The Subjects

Neither of these kits contain accurate decals, but the Wildcat is supposed to be a representative F4F-4 from 1942 flying with VF-5 on Yorktown. The Zero is an A6M5 with markings appropriate for late 1944 or early 1945.   I chose to stick with the kit decals only because there were so many other errors that reflected the kits' ages, from the early 1960's, that they wouldn't look right with accurate markings. 



These "Deuces" in the series were effectively a jumble of Allied plus Axis aircraft that served in the same theater, but unlikely at the same time. Revell used the kits they had on hand, not tooling new variants. But then again back then most manufacturers had only one variant on offer for each aircraft, unlike today's plethora of over engineered offerings that cater to every variant. There is something to be said for simplicity...



The Models

First to finish was the Zero, first released in 1962 but my kit is a recent "blue box" release from 1995. This is a very simple kit, very few parts and they all go together easily. The first time I made these kits there was only one way to complete them: gear up, manned and ready to pl...er, fight. This time around I followed my current preference for being on their feet. 

I did correct a couple of obvious flaws - first the antenna mast should be coming through the rear canopy, not stick out of the rear fuselage spine. This was an easy fix using spare rod sanded to shape. The next thing I fixed was the cannon. There should be two per wing protruding and while the kit does have something akin to a barrel sticking out of the leading edge they were the wrong size and in the wrong location. I trimmed them off, redrilled the holes and stuck plastic rod cut to length. Next I boxed in the landing gear wells, just open to the sparse cockpit, which got some masking tape seat belts.  Lastly the gun troughs on the cowling were either mis-molded or something, so I sanded accurate troughs.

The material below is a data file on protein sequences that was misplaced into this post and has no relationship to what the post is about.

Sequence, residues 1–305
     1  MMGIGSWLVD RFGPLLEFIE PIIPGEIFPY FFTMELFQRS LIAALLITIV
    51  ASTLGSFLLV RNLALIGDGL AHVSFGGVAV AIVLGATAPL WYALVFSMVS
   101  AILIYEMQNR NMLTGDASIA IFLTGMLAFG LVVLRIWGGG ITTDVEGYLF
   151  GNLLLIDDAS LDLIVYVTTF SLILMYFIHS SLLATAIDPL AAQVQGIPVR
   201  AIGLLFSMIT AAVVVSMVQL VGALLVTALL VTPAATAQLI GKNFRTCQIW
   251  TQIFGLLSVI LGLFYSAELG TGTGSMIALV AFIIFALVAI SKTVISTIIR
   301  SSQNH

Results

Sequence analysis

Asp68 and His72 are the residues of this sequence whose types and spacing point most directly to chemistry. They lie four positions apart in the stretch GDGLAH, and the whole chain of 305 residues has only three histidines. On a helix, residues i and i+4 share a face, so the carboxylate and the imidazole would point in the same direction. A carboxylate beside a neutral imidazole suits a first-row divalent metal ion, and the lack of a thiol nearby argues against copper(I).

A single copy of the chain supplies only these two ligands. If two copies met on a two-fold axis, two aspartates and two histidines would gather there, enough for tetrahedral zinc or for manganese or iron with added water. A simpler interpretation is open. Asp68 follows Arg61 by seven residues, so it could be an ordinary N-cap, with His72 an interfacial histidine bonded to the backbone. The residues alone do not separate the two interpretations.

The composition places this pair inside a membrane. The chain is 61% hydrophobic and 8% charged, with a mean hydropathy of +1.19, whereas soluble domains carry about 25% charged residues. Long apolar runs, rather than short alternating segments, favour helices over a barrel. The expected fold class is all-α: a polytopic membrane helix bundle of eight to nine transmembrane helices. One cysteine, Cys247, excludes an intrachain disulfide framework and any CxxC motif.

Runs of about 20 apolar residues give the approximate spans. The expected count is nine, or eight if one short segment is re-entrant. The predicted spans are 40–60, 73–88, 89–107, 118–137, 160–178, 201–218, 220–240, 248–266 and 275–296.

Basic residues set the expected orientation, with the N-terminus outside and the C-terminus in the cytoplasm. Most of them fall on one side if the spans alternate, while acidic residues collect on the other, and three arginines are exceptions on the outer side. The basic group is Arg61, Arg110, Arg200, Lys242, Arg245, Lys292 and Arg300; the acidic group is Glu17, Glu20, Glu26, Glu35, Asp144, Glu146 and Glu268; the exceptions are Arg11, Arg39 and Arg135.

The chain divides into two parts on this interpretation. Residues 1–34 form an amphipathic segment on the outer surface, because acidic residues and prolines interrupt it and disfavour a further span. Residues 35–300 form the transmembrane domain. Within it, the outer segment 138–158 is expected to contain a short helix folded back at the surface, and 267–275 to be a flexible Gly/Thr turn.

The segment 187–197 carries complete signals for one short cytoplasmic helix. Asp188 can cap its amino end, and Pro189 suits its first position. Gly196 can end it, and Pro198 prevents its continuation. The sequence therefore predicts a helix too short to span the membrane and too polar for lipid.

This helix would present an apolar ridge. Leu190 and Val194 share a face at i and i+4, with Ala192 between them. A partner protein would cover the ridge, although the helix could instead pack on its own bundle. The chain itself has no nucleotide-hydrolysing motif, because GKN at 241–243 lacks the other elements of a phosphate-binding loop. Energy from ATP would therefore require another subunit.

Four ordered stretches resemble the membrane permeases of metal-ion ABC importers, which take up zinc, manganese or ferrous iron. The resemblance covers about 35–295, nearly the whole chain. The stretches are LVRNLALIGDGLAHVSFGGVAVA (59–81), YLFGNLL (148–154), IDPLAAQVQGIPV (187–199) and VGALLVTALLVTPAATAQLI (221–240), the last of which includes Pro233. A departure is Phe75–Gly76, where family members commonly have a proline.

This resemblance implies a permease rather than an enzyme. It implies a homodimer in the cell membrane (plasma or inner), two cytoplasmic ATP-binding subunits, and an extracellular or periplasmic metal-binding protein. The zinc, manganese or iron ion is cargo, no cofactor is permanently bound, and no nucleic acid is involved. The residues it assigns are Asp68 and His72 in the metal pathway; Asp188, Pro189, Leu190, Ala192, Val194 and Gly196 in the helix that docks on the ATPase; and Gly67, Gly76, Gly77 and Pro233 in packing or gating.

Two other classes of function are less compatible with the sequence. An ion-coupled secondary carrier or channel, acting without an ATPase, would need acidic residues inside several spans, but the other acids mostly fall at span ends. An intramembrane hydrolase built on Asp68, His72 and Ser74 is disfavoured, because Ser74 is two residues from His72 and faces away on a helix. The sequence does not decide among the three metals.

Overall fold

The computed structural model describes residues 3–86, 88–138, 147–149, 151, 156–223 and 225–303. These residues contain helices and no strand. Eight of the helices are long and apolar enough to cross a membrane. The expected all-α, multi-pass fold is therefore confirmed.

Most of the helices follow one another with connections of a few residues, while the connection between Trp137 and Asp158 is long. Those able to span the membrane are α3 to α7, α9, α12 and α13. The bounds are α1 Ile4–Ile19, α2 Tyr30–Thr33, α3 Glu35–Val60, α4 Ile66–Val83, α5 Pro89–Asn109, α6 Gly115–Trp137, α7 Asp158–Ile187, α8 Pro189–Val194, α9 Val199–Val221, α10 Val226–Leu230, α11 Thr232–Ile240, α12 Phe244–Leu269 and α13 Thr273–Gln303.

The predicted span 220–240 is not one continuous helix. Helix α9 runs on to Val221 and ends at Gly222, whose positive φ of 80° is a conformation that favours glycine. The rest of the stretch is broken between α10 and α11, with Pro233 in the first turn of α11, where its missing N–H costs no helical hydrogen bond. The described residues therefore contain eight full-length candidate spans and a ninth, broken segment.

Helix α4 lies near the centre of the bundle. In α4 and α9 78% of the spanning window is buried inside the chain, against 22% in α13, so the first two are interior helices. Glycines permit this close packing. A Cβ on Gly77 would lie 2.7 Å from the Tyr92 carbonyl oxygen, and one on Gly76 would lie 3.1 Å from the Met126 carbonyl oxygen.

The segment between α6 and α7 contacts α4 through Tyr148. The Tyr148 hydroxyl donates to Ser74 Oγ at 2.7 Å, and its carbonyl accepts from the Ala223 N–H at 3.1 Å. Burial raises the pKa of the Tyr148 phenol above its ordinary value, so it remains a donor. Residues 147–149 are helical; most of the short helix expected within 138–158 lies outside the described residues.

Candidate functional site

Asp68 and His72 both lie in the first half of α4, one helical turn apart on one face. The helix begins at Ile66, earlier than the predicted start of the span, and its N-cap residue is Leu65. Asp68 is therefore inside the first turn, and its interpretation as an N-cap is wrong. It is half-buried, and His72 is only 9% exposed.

Based on the markings this appears to be a Nakajima manufactured A6M5c of the Tsukuba Naval Air Corps in 1945 so I chose paints close to the Nakajima colors. The topside green is Tamiya XF-11 Japanese Navy Green, the underside is Model Master Acrylic 1763 Light Gull Gray, the cowl is Mr Color 71 Midnight Blue, as is the cockpit decking, with the cockpit interior being a green I have labelled FS 34097. The wheel wells are aluminum with a very light spray of Tamiya X-13 Metallic Blue. For completeness, the prop is aluminum with the rear faces painted Tamiya XF-64 Red Brown.

After a coat of Future I put the decals on, using Daco soft decal setting solution. The decals were very fragile, slightly out of register for the red on white, but conformed to the heavy raised detail well. 

I had to touch up the leading edge yellow decal, which turned out to be a perfect match to Tamiya XF-3 Yellow.


While I started the Wildcat at the same time, just like the first time around, it had some short-shot plastic. This kit was originally released in 1965, but my kit this time around was a 1983 repop I picked up at a show for $2.  The cowling required a significant rebuilding and the canopy actually had holes in it. This one had lots of filler along all the seams, and I endeavored to keep as much raised detail as possible. 

I added a small piece of sheet under the cowling lip to accurately create the scoop, and had to fettle the engine a bit to get it centered inside the cowl. The hole in the canopy was filled using acrylic white glue, which dries clear. I then fitted the canopy with the same glue, adjusting it and filling the seam to ensure a smooth fit. I was pleasantly surprised how well it looked once it dried.